Stepped care for depression in primary care: what should be offered and how?
ABSTRACT Stepped-care approaches may offer a solution to delivering accessible, effective and efficient services for individuals with depression. In stepped care, all patients commence with a low-intensity, low-cost treatment. Treatment results are monitored systematically, and patients move to a higher-intensity treatment only if necessary. We deliver a stepped-care model targeting patients with depression. The first step consists of "watchful waiting", as half of all patients with a depressive episode recover spontaneously within 3 months. The second step, guided self-help, is the key element of the stepped-care model. Guided self-help, especially when offered through the internet, is effective and cost-efficient. The third step consists of brief face-to-face psychotherapy. Finally, in the fourth step, longer-term face-to-face psychotherapy and antidepressant medication might be considered. Patients are monitored by one person, a care manager, who is responsible for the decision to step up to the next treatment and for continuity of care. The different treatments within the stepped-care model are evidence-based. Data on cost-effectiveness of the full model are still scarce, but we recently demonstrated that the incidence of new cases of depression and anxiety could be halved by introducing stepped care. Effects of web-based guided self-help could be enhanced by incorporating them in a stepped-care model.
SourceAvailable from: Brett McDermott[Show abstract] [Hide abstract]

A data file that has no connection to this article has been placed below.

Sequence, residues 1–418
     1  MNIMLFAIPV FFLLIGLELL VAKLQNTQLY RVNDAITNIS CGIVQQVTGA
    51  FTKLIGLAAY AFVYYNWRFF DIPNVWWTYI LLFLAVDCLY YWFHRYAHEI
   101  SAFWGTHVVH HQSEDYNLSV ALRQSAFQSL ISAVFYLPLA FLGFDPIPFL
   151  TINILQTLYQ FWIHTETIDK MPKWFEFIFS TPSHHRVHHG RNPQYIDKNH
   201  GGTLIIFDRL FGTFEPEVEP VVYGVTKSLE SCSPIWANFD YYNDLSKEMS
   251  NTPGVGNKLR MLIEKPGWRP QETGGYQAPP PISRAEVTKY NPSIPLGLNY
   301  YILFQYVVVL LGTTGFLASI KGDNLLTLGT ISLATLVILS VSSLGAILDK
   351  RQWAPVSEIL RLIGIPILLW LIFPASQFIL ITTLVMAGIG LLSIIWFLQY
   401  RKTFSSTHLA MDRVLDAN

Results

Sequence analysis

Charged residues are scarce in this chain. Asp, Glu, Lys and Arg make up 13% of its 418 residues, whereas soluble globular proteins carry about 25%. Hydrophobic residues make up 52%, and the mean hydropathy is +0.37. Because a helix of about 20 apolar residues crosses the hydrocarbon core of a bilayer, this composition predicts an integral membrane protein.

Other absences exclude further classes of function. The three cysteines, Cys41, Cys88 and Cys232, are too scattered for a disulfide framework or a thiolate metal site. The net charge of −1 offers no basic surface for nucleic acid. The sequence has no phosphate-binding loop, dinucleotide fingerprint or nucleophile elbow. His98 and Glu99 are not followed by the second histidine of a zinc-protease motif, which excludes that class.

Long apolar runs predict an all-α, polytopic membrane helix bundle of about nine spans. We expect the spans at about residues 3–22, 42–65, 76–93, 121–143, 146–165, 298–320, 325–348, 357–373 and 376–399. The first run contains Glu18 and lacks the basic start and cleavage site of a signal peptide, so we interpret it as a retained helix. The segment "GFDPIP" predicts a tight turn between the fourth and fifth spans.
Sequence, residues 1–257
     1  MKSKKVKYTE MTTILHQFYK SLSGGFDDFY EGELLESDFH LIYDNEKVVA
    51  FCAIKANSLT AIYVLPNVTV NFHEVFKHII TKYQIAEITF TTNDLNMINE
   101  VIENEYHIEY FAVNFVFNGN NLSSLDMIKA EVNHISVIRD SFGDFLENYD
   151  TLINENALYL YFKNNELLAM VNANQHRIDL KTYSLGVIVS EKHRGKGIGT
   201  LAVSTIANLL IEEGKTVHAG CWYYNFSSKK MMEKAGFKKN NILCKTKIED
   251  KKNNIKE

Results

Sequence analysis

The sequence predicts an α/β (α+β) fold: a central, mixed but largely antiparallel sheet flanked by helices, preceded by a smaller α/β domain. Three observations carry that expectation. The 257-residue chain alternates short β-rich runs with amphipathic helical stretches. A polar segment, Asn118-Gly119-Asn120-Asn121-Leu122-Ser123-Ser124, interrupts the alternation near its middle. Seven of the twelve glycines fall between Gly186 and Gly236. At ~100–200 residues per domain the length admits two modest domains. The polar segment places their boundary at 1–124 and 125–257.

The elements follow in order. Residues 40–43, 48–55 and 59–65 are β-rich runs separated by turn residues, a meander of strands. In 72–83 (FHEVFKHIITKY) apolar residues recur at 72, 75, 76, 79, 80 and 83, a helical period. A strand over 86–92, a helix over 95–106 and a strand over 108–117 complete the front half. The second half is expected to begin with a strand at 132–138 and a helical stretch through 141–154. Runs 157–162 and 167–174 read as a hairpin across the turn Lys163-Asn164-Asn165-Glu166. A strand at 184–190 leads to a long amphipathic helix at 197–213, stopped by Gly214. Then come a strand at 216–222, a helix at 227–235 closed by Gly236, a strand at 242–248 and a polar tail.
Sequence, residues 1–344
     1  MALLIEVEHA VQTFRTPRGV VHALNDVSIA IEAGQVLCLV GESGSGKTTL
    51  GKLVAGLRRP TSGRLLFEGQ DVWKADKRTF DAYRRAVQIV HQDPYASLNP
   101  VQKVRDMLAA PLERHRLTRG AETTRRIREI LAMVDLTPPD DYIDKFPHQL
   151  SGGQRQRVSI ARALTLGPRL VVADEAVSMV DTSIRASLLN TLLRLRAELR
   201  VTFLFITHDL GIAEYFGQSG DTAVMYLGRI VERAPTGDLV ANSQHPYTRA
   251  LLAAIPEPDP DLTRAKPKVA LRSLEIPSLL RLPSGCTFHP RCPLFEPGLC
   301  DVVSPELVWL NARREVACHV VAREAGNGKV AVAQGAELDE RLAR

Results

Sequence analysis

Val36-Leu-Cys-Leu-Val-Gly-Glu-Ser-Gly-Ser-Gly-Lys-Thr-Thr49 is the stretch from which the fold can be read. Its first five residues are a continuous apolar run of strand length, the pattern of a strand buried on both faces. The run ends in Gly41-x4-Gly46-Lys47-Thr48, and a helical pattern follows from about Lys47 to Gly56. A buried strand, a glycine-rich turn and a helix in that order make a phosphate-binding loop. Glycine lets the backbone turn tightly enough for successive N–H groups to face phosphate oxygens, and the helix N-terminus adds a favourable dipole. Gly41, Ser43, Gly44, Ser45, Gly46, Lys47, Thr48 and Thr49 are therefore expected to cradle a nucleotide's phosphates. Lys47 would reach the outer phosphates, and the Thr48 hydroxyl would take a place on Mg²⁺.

ABSTRACT: BackgroundFrom a global perspective, natural disasters are common events. Published research highlights that a significant minority of exposed children and adolescents develop disaster-related mental health syndromes and associated functional impairment. Consistent with the considerable unmet need of children and adolescents with regard to psychopathology, there is strong evidence that many children and adolescents with post-disaster mental health presentations are not receiving adequate interventions.ObjectiveTo critique existing child and adolescent mental health services (CAMHS) models of care and the capacity of such models to deal with any post-disaster surge in clinical demand. Further, to detail an innovative service response; a child and adolescent stepped-care service provision model.MethodA narrative review of traditional CAMHS is presented. Important elements of a disaster response – individual versus community recovery, public health approaches, capacity for promotion and prevention and service reach are discussed and compared with the CAMHS approach.ResultsDifficulties with traditional models of care are highlighted across all levels of intervention; from the ability to provide preventative initiatives to the capacity to provide intense specialised posttraumatic stress disorder interventions. In response, our over-arching stepped-care model is advocated. The general response is discussed and details of the three tiers of the model are provided: Tier 1 communication strategy, Tier 2 parent effectiveness and teacher training, and Tier 3 screening linked to trauma-focused cognitive behavioural therapy.ConclusionIn this paper, we argue that traditional CAMHS are not an appropriate model of care to meet the clinical needs of this group in the post-disaster setting. We conclude with suggestions how improved post-disaster child and adolescent mental health outcomes can be achieved by applying an innovative service approach.European Journal of Psychotraumatology 07/2014; 5. DOI:10.3402/ejpt.v5.24294 · 2.40 Impact Factor